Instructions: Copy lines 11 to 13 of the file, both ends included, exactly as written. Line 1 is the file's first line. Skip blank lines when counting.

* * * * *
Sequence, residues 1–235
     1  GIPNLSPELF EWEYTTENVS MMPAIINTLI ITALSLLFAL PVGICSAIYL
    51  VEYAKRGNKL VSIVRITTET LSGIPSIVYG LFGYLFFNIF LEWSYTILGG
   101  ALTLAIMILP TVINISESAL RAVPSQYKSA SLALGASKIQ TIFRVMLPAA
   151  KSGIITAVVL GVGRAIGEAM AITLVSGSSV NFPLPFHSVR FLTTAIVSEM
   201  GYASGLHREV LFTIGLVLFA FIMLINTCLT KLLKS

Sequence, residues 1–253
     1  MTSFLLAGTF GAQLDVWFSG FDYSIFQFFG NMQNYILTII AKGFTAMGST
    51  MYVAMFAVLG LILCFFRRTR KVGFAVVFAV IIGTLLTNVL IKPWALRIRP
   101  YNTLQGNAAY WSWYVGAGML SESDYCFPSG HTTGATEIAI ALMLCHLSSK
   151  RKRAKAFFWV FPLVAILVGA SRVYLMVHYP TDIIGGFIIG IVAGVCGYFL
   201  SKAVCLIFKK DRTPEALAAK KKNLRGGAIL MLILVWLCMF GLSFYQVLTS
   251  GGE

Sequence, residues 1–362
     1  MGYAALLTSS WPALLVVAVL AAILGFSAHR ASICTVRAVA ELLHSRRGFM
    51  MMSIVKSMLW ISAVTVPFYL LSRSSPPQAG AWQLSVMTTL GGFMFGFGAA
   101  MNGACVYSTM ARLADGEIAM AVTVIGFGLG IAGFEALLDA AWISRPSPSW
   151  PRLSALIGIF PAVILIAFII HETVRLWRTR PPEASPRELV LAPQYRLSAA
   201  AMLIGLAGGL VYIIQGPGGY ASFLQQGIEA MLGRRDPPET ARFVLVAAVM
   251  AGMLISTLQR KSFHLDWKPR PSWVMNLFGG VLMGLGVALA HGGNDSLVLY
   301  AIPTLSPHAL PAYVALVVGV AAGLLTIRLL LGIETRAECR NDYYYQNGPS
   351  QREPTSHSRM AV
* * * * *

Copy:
   151  RKRAKAFFWV FPLVAILVGA SRVYLMVHYP TDIIGGFIIG IVAGVCGYFL
   201  SKAVCLIFKK DRTPEALAAK KKNLRGGAIL MLILVWLCMF GLSFYQVLTS
   251  GGE